8. The digital mixer according to claim 7, wherein the storage stores the data of the configuration pattern containing a current version and one or more past version, such that the past version may be reserved even though the configuration pattern is made blank.
9. A digital mixer comprising:
a mixing processor configurable in matching with a scene for mixing audio signals fed from the input channels and feeding the mixed audio signals to output channels;
a storage provided for storing configuration patterns of the mixing processor in correspondence to respective scenes;
an operator panel including a sequential switch operable for sequentially scanning the respective scenes to designate one of the scenes as desired, and a direct switch operable for directly designating one of the scenes as preset;
an allocator provided for allocating at least one of the scenes to the direct switch as the preset scene;
a retriever that retrieves the configuration pattern corresponding to the designated scene from the storage; and
a controller provided for configuring the mixing processor according to the retrieved configuration pattern to thereby reproduce the designated scene.
10. A digital mixer comprising:
a mixing circuitry configurable based on configuration data in matching with a scene for mixing audio signals fed from input channels and feeding the mixed audio signals to output channels;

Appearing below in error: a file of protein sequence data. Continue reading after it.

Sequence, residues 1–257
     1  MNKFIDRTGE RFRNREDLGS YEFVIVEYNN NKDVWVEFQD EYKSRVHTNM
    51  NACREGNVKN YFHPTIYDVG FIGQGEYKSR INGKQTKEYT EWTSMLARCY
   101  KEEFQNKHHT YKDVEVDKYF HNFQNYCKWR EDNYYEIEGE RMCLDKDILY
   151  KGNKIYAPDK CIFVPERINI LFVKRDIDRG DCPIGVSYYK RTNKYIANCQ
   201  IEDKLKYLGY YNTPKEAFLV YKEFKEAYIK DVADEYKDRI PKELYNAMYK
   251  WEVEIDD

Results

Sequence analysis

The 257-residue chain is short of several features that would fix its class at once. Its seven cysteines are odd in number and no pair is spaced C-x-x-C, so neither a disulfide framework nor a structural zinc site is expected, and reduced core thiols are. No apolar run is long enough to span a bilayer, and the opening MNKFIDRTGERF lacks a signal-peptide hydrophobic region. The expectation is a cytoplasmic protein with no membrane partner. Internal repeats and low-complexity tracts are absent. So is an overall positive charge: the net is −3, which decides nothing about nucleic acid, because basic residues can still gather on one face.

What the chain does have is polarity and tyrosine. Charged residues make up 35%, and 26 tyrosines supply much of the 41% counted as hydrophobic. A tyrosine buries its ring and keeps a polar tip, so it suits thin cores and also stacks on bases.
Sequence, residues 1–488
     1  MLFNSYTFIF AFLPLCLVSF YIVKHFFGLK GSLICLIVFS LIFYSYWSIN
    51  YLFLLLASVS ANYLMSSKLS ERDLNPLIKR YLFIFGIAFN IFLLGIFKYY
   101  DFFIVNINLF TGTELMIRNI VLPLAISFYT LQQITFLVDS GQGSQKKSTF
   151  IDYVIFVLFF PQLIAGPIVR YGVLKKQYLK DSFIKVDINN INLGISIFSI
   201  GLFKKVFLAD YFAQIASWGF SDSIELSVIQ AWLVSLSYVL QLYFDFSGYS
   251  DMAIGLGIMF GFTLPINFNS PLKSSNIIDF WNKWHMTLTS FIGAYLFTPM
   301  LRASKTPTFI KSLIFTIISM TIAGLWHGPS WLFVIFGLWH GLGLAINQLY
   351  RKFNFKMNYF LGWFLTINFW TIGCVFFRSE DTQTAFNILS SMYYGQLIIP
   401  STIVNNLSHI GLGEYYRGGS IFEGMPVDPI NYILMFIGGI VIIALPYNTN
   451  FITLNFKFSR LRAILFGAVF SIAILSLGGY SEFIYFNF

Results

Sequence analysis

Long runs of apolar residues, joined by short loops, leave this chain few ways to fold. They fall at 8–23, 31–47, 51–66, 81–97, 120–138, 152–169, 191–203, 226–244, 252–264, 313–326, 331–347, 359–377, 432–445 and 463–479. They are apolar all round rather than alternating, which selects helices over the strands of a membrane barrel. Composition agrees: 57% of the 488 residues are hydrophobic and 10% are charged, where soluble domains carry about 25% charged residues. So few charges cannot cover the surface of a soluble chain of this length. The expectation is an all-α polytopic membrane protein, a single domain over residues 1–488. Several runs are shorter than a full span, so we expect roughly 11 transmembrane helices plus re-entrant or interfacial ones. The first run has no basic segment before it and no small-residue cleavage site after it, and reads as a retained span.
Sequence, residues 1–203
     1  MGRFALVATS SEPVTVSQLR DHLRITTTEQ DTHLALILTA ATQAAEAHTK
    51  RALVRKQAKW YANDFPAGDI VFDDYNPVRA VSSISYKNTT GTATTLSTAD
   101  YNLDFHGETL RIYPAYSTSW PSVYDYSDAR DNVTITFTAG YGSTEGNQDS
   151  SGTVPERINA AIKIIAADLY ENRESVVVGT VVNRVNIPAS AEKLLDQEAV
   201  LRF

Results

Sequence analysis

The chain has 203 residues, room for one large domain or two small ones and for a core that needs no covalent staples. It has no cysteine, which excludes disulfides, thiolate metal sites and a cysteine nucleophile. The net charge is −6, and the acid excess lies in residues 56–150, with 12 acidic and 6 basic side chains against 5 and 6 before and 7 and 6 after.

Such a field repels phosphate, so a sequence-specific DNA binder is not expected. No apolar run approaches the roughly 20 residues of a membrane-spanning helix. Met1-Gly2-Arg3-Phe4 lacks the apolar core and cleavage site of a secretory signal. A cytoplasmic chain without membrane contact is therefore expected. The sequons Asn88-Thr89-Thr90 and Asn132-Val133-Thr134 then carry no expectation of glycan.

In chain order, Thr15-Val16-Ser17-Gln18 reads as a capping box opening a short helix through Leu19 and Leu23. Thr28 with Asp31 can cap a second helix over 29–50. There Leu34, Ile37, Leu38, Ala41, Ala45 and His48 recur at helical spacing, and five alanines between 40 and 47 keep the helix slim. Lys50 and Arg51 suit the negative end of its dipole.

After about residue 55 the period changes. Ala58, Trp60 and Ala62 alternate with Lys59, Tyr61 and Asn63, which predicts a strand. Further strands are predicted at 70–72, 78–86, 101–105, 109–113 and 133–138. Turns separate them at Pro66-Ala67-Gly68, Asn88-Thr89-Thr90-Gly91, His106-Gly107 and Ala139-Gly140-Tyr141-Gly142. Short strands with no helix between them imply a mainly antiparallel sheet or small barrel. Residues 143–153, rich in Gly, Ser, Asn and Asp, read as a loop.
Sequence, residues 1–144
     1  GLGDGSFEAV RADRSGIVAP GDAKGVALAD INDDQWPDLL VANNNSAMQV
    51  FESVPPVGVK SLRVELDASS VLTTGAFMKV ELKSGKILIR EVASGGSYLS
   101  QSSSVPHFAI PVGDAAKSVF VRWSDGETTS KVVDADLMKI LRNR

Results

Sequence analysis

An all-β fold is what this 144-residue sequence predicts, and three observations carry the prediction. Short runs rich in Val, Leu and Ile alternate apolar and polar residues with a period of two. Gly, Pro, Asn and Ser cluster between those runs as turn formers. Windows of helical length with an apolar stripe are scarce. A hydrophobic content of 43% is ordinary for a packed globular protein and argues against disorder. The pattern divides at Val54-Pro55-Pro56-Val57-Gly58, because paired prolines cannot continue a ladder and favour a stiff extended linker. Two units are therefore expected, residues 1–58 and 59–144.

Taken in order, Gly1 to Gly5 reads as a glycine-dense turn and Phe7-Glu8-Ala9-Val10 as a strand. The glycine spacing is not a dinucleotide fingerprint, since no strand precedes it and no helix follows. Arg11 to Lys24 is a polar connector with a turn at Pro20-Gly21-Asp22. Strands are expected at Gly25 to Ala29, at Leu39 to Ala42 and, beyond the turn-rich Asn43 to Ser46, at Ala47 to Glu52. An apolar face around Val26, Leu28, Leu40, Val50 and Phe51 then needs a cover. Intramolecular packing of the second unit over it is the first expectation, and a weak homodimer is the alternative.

a storage provided for storing a plurality of configuration data in correspondence to a plurality of scenes, the configuration data containing first layer data directly associated to the corresponding scene and second layer data identified by link information embedded in the first layer data;
an operator panel operable for calling one of the scenes as desired; and
a retriever that retrieves the configuration data corresponding to the called scene from the storage and that configurates the mixing circuitry based on the retrieved configuration data to reproduce the corresponding scene, wherein
the retriever operates when the operator panel calls a next scene in place of a current scene reproduced currently by the mixing circuitry for reconfigurating the mixing circuitry based on the first layer data of the configuration data corresponding to the next scene, and further the retriever operates only if the link information embedded in the configuration data of the next scene differs from the link information embedded in the configuration data of the current scene for reconfiguring the mixing circuitry additionally based on the second layer data identified by the link information embedded in the configuration data of the next scene.
11. The digital mixer according to claim 10, wherein the storage stores the configuration data having the first layer data effective to configurate at least one of the input channels, the output channels, an effector integrated in the mixing circuitry for applying an effect to the audio signals, and an equalizer integrated in the mixing circuitry for equalizing the audio signals.
12. The digital mixer according to claim 10, wherein the storage stores the second layer data of the configuration data, including at least one of patch data for determining connections between the input channels and the output channels, name data indicating correspondence between respective channels including the input channels and the output channels and respective names assigned to the respective channels, and unit data for configuring either of an input board connected to the input channel and an output board connected to the output channels.